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Volume 69, Issue 7


Atypical localization of myenteric ganglia in the human appendical wall: a comparative study with animal appendix

Eliska Kubikova / Ivana Sivakova / Anna Perzelova
Published Online: 2014-08-19 | DOI: https://doi.org/10.2478/s11756-014-0389-1


The presence of well developed appendices in some animals when compared to humans has led to speculation that appendix is a vestigial organ. Increasing number of studies have revealed that the appendix serves as an important organ in humans. The function of animal appendix, and the differences between species remain poorly understood. In this study we examined human myenteric plexus and compared them with animal studies. Appendices were obtained from five young adults in which the appendix was found to be normal after removal. Fixed appendix cryosections were examined by immunofluorescence methods using neuronal marker antibodies to neurofilaments and beta III tubulin. Both antibodies stained myenteric ganglia which were arranged in an apparently irregular pattern in human appendix wall. We observed unexpected localization of myenteric ganglia in the subserosa often accompanied by rarely occurring ganglia in the longitudinal muscle layer. These ganglia were of different sizes and shapes and unequally distributed under a thin layer of serosa. Our findings raise many questions about the possible role of irregular and atypical myenteric ganglia localization in relation to altered motility and subsequent pathogenesis of the appendix in inflammatory disease in humans. On the other hand, studies of the literature have revealed simplicity in the organization of myenteric plexus, e.g., in well-developed rabbit appendix. In addition, appendicitis in animals is restricted to in apes with similarly shaped appendix to humans.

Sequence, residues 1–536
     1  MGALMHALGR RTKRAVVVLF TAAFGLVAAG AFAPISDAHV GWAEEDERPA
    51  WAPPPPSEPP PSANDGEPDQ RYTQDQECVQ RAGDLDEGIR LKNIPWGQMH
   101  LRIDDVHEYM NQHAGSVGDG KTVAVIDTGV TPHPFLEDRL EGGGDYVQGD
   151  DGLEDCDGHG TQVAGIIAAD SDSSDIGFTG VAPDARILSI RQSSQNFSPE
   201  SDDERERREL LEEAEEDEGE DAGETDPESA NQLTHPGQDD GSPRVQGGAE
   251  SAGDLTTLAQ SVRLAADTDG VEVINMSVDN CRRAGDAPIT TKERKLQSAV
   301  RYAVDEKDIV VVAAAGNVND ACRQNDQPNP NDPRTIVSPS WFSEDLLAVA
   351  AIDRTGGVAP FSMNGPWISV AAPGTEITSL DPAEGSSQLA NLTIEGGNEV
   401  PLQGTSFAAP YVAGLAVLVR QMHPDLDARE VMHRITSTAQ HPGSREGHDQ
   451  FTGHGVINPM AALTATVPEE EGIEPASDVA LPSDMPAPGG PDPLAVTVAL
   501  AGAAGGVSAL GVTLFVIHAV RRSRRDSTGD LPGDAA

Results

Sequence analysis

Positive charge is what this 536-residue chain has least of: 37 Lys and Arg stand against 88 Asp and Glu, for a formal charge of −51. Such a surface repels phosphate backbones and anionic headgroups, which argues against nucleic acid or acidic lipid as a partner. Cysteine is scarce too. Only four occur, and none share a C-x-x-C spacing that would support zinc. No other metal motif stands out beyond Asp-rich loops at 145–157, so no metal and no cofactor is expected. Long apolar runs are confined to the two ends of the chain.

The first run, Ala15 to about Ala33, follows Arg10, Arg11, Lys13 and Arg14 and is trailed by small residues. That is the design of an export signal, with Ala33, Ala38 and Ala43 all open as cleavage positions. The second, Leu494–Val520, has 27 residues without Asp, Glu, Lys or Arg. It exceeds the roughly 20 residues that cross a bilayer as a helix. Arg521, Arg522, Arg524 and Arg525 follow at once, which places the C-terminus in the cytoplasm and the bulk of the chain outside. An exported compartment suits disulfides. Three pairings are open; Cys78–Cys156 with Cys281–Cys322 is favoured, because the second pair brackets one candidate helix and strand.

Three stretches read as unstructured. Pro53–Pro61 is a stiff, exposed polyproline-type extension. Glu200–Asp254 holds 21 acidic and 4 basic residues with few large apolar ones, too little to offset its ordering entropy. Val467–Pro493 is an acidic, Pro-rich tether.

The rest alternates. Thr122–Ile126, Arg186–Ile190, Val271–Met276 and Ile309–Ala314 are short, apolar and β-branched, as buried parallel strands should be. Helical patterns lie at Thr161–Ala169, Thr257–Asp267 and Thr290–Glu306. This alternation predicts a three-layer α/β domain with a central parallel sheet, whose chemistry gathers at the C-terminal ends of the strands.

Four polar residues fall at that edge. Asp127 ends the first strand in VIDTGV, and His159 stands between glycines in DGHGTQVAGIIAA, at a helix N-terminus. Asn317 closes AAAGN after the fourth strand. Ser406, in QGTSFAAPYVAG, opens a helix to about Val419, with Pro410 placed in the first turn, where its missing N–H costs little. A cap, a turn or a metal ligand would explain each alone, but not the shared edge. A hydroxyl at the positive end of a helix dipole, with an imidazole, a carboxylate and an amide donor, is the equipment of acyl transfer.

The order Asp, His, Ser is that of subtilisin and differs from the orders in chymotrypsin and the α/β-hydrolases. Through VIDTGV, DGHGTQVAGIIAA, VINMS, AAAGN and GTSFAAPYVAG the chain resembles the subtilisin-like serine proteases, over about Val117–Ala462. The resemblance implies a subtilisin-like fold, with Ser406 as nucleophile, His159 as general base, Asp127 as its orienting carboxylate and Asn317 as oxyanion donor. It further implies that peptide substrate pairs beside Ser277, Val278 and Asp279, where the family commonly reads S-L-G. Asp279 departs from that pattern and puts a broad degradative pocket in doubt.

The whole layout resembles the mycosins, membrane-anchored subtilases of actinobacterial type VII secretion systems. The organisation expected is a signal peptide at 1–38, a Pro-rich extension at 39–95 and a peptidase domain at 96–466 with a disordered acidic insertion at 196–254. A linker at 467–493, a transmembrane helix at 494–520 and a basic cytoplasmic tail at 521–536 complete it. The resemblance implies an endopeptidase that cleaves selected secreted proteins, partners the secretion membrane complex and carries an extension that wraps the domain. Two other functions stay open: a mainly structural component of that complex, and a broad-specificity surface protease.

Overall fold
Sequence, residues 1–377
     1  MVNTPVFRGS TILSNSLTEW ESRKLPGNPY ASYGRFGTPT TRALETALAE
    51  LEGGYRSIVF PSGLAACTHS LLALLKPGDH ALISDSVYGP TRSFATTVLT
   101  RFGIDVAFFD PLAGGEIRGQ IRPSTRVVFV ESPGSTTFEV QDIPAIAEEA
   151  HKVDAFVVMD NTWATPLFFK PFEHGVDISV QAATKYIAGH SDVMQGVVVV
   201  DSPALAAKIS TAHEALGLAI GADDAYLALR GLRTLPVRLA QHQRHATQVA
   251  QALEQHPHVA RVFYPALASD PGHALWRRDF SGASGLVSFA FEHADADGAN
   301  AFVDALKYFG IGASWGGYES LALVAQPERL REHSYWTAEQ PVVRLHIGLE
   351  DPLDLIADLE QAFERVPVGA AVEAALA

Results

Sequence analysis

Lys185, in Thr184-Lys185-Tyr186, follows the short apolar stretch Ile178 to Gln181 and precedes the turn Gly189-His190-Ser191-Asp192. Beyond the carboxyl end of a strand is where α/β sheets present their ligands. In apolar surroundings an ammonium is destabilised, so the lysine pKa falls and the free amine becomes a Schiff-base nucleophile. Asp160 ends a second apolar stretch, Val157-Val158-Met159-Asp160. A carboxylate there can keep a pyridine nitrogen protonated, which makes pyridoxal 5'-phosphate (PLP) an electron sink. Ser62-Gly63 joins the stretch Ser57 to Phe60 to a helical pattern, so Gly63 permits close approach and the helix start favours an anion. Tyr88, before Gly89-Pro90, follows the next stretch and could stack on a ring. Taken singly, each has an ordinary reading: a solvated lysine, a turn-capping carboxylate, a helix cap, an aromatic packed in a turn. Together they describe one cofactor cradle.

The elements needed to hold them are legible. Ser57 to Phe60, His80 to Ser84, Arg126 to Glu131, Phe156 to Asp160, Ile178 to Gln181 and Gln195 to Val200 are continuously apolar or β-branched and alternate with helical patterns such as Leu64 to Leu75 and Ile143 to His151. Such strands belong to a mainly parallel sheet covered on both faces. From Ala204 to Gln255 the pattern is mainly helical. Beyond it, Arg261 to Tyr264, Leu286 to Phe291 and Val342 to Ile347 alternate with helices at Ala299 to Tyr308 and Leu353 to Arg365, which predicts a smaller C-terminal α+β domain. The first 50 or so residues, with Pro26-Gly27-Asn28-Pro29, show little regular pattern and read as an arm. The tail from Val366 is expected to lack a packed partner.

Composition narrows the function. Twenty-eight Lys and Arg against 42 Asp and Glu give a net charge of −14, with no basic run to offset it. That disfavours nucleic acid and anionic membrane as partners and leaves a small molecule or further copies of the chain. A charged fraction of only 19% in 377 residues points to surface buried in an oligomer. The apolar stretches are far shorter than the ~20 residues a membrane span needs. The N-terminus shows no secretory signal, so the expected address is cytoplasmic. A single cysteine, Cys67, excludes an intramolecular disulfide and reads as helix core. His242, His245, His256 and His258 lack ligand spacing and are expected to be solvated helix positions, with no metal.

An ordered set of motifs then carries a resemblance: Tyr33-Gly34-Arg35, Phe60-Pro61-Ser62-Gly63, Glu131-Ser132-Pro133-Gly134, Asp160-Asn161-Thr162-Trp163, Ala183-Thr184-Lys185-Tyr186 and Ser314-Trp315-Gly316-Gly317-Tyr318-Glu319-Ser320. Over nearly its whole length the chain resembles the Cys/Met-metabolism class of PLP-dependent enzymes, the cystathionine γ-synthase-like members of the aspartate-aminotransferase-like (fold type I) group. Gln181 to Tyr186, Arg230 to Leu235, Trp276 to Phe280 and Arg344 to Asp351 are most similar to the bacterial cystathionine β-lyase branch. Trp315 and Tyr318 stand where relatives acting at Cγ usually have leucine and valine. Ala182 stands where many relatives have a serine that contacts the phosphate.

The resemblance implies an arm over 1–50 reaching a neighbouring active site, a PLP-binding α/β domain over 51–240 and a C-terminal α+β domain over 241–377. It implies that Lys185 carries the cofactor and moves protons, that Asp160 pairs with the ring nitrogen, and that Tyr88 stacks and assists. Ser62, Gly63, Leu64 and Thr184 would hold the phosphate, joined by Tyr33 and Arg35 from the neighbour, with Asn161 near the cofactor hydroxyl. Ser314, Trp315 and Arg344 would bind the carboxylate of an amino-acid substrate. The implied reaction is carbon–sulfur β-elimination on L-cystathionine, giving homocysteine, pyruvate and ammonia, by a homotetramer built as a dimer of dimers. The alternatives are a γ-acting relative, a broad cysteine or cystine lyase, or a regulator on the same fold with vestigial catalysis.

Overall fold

Keywords: appendicitis; myenteric ganglia; neurofilaments; beta III tubulin; neuronal markers

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About the article

Published Online: 2014-08-19

Published in Print: 2014-07-01

Citation Information: Biologia, Volume 69, Issue 7, Pages 931–935, ISSN (Online) 1336-9563, DOI: https://doi.org/10.2478/s11756-014-0389-1.

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© 2014 Slovak Academy of Sciences. This work is licensed under the Creative Commons Attribution-NonCommercial-NoDerivatives 3.0 License. BY-NC-ND 3.0

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